It is not a matter of pain or no pain; it is a matter of choosing which pain we will face and for how long, and perhaps in what order. As I wrote a few weeks ago, like teenagers, we as an economic polity have made some very bad choices. We are now in a scenario where there are no good choices, just less-bad ones.
In a normal world, the amount of monetary and fiscal stimulus we are witnessing would
produce inflation in very short order. That is what has the gold bugs of the world excited. It is their moment. They keep repeating that Milton Friedman taught us that inflation was always and everywhere a matter of too much money being printed. The answer to that is that the statement is mostly true, but not always and not everywhere (think Japan). The reality is somewhat more nuanced. Let’s review something I wrote last year about the velocity of money, and this time we are going to go into the concept a little more deeply. This is critical to your understanding of what is facing us.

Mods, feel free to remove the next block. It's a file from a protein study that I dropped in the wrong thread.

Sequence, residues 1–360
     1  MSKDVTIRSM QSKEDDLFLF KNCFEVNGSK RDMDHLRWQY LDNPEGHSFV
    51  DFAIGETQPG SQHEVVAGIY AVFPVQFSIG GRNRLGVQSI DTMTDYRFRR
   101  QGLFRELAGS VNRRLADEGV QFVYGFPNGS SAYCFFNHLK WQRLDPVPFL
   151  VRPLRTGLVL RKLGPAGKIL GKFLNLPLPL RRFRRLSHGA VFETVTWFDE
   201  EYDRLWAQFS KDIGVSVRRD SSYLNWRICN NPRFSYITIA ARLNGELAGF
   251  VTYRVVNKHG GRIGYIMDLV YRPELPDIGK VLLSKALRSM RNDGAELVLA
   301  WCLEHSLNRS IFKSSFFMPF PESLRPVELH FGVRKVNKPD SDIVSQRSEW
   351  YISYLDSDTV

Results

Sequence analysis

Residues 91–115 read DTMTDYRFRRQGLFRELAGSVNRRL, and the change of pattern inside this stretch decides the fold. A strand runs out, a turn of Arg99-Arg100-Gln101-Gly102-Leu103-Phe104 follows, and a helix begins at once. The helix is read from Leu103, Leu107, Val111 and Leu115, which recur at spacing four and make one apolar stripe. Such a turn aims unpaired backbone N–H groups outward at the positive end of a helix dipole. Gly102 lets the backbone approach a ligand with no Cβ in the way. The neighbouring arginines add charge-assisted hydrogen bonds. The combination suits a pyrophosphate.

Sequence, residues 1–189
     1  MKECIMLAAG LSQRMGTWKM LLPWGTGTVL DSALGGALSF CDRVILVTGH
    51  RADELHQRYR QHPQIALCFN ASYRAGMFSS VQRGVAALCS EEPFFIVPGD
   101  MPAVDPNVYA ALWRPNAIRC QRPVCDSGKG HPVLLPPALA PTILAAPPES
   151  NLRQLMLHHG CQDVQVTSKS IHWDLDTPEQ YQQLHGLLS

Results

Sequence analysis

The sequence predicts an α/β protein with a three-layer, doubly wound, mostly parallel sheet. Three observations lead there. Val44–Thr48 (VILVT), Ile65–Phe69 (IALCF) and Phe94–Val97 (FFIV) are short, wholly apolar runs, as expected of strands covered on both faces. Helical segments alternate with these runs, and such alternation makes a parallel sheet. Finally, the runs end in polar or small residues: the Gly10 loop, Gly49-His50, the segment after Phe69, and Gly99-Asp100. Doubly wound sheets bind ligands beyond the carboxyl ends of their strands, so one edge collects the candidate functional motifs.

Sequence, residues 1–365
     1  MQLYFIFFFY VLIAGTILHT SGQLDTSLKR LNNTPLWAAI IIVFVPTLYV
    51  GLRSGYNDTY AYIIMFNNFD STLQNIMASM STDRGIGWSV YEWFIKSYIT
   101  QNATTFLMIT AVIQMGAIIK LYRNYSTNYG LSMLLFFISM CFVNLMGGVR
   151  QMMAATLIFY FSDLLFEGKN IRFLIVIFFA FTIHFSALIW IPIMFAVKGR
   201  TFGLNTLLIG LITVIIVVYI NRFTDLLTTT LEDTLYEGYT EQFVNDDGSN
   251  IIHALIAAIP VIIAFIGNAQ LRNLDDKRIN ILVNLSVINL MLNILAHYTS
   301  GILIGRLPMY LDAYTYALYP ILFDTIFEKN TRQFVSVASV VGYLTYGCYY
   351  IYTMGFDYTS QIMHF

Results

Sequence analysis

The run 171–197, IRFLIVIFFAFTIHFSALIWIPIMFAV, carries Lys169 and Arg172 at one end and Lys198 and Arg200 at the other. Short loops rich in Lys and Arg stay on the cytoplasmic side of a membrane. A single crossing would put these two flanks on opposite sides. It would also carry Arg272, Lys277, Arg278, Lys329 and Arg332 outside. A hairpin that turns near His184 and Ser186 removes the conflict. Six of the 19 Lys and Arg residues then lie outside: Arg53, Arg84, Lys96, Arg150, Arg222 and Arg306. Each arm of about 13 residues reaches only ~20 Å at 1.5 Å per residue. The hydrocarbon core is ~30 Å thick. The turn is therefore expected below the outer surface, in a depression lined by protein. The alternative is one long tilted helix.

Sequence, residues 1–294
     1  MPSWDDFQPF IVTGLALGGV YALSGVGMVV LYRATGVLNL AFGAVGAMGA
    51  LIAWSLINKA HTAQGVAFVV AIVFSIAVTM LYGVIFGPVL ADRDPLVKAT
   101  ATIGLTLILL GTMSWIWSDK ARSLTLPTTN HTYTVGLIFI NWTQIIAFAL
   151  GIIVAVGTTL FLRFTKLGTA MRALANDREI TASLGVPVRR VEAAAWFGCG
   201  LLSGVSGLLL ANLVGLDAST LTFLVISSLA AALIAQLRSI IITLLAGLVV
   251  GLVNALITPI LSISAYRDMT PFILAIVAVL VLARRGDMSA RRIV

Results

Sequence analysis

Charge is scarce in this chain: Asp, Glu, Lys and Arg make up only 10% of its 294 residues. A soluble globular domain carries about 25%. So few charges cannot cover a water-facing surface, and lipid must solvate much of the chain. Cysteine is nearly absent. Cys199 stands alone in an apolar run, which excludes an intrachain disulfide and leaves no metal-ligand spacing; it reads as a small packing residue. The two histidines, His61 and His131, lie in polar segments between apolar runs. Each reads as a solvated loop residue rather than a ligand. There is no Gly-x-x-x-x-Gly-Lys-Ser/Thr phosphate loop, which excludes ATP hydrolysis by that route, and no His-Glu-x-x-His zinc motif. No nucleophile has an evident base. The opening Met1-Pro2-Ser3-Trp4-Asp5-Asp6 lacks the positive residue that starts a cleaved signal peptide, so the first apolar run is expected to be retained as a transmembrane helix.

Category: Think Tank
September 12, 2009 It has been two pensive days. Somehow the words won’t come. Difficult for me since I write 100 times a year. I sit staring at the keyboard. No words. Everyone is/was so busy with 9/11. Public moments of silence, ceremonies, TV filled with remembrances, talk shows, websites, commentaries, footage of planes and…Read More
According to the just reported CFTC data for the week ended Tuesday, the net spec long position in gold rose to an all time record high (dating back to 1993), up 22% on the week to a net 225k contracts. Silver net longs rose to the most since Aug ’08 and net longs in platinum…Read More